When it comes to predicting inflation, estimates from forecasters and economists at India’s leading firms seem, well, inflated. A Mint analysis of weekly inflation estimates in the last 19 weeks, starting January, by a group of 12 firms that are regularly polled by Bloomberg, showed that in seven out of 19 weeks, a forecaster has been bang on target with its estimate. That translates into just 8.8% out of 180 individual estimates.
Inflation is used as a particularly important political tool in India because roughly 85% of its workforce is in the informal sector, where salaries aren’t tied to cost-of-living increases. Weekly inflation numbers continue to grab the headlines with the ruling United Progressive Alliance government on the defensive when inflation touched a two-year high of 6.6% mark in January this year.
Despite the importance of the indicator, both as a political tool and as an indicator of cost of living increases, getting an accurate handle on inflation remains a challenge in India because of the inaccuracy of price data for the approximately 400 items that make up the wholesale price index and the fluctuations that come with forecasting inflation on a weekly basis.
In nine out of 19 weeks, the median forecast of these firms was within 23 basis points of the actual number released the following day by the ministry of commerce and industry, with just one week (13 January) when the median was the same as the actual weekly inflation number. Some nine times out of the 19 weeks, the median was above the actual figure.
Consider last week. Not a single analyst out of 12 polled by the news service, which provides the data to bankers, traders and the media, estimated the inflation rate correctly for the week of 26 May, when wholesale prices decelerated to 4.85%, from 5.06% the previous week. The median for that week was 5.05 and some analysts missed the inflation estimate by as much as 35 basis points.
The wholesale price index is released by the commerce ministry every week. It initially releases the data as provisional and revises them as final data after a lag of eight weeks.
Of the companies that were polled at least 10 times, Kotak Mahindra got it exactly right or were within seven basis points of the government numbers at least eight out of the 17 times it was polled.
Thomson IFR did not get it right even once. The company was off by an average of 13 basis points in the 19 times it was polled, while ING Vysya Bank, which was polled 13 times, was off by an average 12 basis points. Forecast Singapore Pvt. Ltd and Lehman Brothers, which were polled 17 and 12 times, respectively, were off by 14 and 12 basis points each. As a group, the analysts estimates averaged at least five basis points below the provisional numbers.
While some economists maintain that the repeated error in forecasting is due to a fundamental flaw in the way they, the forecasters, do their arithmetic, the analysts themselves insist the problem lies in the accuracy of the government base data.
“The world has globalized but our analysts and reportage are still in the dark ages,” said Surjit Bhalla, a principal with emerging markets research outfit Oxus Research and Investments. Bhalla is also a member of the National Statistical Commission of India. He does not participate in the poll.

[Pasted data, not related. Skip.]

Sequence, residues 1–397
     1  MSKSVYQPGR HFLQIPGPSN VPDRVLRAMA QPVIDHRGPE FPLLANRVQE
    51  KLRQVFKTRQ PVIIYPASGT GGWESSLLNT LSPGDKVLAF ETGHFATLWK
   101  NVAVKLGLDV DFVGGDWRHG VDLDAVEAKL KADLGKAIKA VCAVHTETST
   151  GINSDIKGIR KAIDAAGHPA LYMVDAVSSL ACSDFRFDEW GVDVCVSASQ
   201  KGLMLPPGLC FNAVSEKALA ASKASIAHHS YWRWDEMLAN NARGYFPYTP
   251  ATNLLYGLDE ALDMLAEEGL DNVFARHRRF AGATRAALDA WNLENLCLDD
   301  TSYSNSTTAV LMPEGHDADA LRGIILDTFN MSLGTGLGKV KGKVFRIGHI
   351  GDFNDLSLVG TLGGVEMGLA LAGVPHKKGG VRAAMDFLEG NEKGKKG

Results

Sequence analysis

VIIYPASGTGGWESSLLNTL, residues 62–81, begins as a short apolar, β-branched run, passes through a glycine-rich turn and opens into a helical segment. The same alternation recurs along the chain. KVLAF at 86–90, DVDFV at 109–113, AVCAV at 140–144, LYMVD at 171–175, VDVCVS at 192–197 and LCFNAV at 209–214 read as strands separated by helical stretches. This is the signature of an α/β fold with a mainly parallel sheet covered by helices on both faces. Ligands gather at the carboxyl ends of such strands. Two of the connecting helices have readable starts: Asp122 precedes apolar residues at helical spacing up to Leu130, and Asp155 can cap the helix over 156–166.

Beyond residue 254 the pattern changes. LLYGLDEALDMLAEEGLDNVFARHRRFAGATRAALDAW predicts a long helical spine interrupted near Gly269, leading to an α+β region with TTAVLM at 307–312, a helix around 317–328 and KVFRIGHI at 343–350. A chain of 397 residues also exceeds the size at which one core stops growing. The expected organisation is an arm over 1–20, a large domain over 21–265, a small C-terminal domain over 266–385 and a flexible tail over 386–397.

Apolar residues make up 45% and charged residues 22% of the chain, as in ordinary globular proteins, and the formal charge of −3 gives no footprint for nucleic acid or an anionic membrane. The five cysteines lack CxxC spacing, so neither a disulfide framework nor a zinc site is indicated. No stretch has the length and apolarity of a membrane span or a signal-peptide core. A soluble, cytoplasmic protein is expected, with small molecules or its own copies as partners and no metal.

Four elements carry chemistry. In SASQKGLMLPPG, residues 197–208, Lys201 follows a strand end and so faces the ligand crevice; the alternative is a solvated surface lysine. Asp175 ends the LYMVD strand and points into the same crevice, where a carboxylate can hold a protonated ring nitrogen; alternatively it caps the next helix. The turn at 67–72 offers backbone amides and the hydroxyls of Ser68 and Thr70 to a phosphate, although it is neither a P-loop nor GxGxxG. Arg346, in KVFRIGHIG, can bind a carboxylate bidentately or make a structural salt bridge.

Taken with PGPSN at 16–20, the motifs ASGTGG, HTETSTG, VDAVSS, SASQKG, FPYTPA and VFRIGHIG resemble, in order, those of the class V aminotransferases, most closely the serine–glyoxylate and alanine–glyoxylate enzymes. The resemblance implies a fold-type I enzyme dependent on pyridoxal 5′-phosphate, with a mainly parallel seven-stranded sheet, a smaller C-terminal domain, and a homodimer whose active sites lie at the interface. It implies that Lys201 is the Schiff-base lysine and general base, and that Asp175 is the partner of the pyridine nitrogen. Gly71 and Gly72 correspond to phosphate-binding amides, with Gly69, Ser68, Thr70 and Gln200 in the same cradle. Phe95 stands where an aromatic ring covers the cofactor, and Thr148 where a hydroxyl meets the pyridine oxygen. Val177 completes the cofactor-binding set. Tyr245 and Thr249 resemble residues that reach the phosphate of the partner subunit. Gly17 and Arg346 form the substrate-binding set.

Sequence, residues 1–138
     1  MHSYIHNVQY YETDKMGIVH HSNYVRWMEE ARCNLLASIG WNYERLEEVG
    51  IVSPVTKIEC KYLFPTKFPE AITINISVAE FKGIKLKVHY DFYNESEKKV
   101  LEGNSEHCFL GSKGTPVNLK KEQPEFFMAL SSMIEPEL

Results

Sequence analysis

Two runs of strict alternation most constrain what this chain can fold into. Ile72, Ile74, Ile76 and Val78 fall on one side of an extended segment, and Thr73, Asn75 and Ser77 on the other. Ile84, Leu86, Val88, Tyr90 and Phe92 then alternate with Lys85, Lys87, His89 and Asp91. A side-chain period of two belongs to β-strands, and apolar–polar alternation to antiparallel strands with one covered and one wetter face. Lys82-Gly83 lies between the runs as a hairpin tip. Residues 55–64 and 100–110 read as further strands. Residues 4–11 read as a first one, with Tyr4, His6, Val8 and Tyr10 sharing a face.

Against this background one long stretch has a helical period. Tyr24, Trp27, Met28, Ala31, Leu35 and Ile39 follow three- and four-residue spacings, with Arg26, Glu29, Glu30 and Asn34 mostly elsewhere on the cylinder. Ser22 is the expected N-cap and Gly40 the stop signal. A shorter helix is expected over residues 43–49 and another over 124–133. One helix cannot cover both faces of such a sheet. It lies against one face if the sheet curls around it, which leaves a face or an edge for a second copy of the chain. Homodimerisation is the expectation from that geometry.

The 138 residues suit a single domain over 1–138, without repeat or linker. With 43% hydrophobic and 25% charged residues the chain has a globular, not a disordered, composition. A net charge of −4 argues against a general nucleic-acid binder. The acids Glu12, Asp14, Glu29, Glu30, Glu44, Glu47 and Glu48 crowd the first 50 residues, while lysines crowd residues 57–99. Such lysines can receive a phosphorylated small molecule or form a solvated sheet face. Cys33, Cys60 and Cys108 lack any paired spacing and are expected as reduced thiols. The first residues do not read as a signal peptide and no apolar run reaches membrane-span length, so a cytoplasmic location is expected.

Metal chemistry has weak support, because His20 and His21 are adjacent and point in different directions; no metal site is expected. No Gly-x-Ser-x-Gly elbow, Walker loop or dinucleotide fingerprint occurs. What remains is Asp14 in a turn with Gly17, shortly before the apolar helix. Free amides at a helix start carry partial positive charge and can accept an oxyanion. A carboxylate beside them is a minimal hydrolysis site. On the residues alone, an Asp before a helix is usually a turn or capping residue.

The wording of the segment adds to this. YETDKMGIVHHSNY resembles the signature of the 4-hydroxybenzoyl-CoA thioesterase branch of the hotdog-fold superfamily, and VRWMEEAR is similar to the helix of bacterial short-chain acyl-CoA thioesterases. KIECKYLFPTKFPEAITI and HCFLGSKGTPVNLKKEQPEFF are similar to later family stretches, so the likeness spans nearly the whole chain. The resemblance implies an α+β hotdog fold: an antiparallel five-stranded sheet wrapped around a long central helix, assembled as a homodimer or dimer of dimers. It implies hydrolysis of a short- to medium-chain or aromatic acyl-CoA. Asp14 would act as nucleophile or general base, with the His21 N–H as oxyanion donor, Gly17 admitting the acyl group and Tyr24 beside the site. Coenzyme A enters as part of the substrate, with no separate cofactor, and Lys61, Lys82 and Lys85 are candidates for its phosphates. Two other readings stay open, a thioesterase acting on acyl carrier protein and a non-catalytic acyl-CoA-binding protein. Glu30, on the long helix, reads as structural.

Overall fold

“If you are looking at a bang-on estimate, nobody would get it right,” said Harish Menon, an economist with ING Vysya Bank, which is one of the companies polled regularly by Bloomberg. “When it comes to the wholesale price index, you are looking at a basket of some 400 items. It is impossible to have price information for all those items.”
Menon said analysts typically looked at broad indices such as manufacturing and then used them to extrapolate the direction of price growth. “If somebody predicts inflation at 5.07 and it turns out to be 5.07, then it is purely a fluke.”
A New Delhi-based news executive of Bloomberg News declined to comment when asked about the usefulness of such surveys to its customers. The analysts said their estimates are to be used more to identify the broad trend than the exact numbers.
“These are short-term things. Sometimes, you have an instinct and you make assumptions and sometimes they don’t bear out,” said one of the analysts, Soumitra Choudhury, an economic advisor and research co-ordinator with ratings firm Icra Ltd. Another problem is the difficulty in verifying government data on prices of the basket of goods that are used to calculate inflation, he said. Icra got it wrong 16 out of 17 times it was polled.
Leslie Khoo, an economist with Forecast Singapore, said one of the major constraints with forecasting inflation in India was the lack of suitable econometric models that would take into account weekly fluctuations in prices. “For India, sometimes I get close, sometimes I go way off,” conceded Khoo. “In Taiwan, for which I do this as well, it is quite all right, because their estimates are on a monthly basis. Some of the weekly fluctuations even out.”
“In order to project inflation year-on-year, you need to take into account seasonal factors such as harvest-linked supply and demand and seasonal variations in the prices of inputs such as oil. There are a lot of people who do not take that seasonality into account. In the US, most indices use seasonally adjusted data,” Bhalla said.